Tetanus affects a person’s nervous system and can be fatal if left untreated. Neonatal tetanus usually occurs in newborns through infection of the unhealed umbilical stump, especially when the stump is cut with a non-sterile instrument. Tetaus is prevented only through vaccination. The tetanus vaccine contains noninfectious toxoids. Tetanus toxoids appear safe during pregnancy and are administered in many countries of the world to prevent neonatal tetanus.

The World Health Organization (WHO) reported that neonatal tetanus kills over 200,000 newborns each year; almost all these deaths occur in developing countries while it is very rare in developed nations.

To maximize the maternal antibody response and passive antibody transfer to the infant, the national immunization schedule in India recommends the 2 doses of tetanus toxoid (TT) for unknown immunization status of pregnant women i.e the first dose of tetanus toxoid should be administered as soon as pregnancy is detected, second dose of tetanus toxoid is administered after 4 weeks and if a mother received 2 TT doses in the last pregnancy and mother gets again pregnant with in 3 y than only one dose of TT is recommended and that dose is called booster dose. Some experts recommend that the second dose of the vaccine should be given 4 weeks prior to the expected date of delivery.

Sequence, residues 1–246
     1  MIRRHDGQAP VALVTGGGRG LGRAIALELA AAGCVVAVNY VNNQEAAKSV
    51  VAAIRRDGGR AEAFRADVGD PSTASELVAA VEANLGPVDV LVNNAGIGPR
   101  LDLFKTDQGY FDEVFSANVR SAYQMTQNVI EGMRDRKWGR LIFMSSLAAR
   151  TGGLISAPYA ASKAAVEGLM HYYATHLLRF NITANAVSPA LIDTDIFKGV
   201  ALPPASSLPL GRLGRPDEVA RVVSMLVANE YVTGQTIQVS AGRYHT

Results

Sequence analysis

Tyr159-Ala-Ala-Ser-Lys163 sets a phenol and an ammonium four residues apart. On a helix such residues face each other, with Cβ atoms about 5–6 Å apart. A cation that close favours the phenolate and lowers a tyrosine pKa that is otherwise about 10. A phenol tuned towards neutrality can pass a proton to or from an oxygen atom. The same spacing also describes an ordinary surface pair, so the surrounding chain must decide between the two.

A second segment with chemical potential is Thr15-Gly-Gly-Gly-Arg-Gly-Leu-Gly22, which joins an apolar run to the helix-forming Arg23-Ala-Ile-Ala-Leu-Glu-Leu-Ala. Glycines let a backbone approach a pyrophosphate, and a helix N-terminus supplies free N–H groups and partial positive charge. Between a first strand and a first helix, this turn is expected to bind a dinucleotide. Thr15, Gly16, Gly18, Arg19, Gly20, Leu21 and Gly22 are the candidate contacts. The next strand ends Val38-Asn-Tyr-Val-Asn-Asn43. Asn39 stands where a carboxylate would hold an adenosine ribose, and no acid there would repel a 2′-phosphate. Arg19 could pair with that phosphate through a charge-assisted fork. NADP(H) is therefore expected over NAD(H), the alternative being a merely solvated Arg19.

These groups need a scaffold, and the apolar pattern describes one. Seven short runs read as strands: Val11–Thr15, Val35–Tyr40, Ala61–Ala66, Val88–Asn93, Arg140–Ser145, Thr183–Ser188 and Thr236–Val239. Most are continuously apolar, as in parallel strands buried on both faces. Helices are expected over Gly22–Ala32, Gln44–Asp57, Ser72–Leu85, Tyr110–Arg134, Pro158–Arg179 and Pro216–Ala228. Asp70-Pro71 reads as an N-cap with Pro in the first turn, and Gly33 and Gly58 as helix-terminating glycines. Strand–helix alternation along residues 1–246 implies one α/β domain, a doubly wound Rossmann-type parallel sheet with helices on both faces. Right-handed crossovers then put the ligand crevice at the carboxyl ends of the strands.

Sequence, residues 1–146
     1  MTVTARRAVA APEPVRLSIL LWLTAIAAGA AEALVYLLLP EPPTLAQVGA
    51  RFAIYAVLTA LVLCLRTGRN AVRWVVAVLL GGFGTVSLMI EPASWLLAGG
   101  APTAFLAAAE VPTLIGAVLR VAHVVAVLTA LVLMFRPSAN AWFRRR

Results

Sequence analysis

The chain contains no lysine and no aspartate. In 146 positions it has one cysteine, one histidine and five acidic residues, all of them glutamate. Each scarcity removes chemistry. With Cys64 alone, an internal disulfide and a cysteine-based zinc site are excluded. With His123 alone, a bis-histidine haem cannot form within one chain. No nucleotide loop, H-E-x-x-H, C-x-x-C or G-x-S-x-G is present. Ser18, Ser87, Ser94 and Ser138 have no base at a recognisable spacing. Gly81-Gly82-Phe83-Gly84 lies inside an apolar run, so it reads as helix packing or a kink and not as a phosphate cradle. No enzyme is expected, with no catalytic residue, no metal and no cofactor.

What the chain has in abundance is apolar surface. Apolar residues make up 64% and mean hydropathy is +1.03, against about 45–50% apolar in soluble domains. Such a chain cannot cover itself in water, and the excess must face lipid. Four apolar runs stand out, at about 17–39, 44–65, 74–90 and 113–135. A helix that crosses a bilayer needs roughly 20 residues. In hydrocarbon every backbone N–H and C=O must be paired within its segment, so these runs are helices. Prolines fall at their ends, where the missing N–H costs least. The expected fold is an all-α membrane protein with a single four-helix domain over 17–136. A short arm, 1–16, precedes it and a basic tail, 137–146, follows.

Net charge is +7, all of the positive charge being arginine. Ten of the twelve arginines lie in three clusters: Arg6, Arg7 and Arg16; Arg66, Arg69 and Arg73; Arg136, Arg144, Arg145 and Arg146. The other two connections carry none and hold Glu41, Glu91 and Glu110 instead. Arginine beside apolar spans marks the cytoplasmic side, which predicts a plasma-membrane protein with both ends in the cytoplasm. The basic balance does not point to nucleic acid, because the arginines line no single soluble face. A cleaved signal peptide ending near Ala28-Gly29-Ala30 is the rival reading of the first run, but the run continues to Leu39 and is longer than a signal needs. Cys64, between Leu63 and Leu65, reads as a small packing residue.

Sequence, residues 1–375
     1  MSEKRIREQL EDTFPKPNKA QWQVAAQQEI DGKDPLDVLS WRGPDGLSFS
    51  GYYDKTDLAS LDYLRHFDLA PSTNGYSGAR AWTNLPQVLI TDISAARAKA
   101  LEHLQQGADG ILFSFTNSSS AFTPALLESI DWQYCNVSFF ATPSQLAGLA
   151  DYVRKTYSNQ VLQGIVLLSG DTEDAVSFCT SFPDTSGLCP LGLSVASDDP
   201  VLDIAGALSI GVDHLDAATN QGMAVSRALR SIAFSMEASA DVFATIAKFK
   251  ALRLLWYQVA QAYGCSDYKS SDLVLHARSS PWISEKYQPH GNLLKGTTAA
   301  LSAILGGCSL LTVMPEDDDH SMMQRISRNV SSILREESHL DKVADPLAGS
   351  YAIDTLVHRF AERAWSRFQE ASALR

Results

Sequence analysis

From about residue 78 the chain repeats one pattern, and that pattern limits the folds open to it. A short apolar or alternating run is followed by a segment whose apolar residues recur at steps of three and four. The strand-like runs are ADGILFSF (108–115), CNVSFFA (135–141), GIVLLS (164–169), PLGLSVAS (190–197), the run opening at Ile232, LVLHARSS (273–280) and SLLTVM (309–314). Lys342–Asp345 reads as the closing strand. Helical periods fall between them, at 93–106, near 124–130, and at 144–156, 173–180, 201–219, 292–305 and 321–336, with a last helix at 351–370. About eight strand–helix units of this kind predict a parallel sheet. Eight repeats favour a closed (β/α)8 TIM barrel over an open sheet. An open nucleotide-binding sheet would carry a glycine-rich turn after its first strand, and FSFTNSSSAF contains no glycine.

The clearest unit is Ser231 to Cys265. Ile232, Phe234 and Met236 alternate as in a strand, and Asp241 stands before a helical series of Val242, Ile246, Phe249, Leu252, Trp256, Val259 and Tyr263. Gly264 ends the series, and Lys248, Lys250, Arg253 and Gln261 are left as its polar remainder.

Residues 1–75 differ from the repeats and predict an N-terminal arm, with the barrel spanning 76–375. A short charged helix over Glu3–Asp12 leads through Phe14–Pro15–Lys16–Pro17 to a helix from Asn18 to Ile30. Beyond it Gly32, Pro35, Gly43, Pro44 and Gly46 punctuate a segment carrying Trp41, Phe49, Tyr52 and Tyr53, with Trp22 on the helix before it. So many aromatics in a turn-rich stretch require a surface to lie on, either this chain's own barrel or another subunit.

The WHO also recommends that a third vaccine be given 6 months after the second one to provide protection for at least 5 y After TT vaccination, the antibodies formed in mother are transferred to baby and protect baby for a few months after birth. TT vaccination also helps to prevent premature birth or delivery. The American Congress of Obstetricians and Gynecologists recommends use of tetanus immune globulin, as there is no evidence of any adverse effects to the fetus from the tetanus immunoglobin.

Influenza vaccine

Influenza can cause severe illness in pregnant women than non pregnant women. During pregnancy, there is a change in the immune system, heart and lungs which makes pregnant women more prone to severe illness as well as hospitalizations and even death from influenza. Influenza infection during pregnancy also has a greater chance for serious problems for their unborn babies, including premature labor and delivery.

Women in the second and third trimesters of pregnancy are at increased risk for hospitalization from influenza. Therefore, routine inactivated influenza vaccine is recommended for all women who will be pregnant (in any trimester) during influenza season. The available inactivated influenza vaccines for the control of seasonal influenza are safe and efficacious and have the potential to prevent significant morbidity and mortality in pregnant women.

Live attenuated influenza vaccine is available in form of an intranasal spray and that is not recommended for pregnant women. Maternal influenza immunization offers demonstrated disease prevention benefits for women and their newborns and is a critically important component during pregnancy. Pregnant women should be counseled about the benefits of the influenza vaccine for themselves and their unborn baby.

Dr.Ruchi Tandon is a reputed Gynecologist practicing in leading hospitals in South Delhi namely Max and Apollo hospitals with over 14 years of experience in handling all kinds of Gynecological conditions including high risk pregnancy .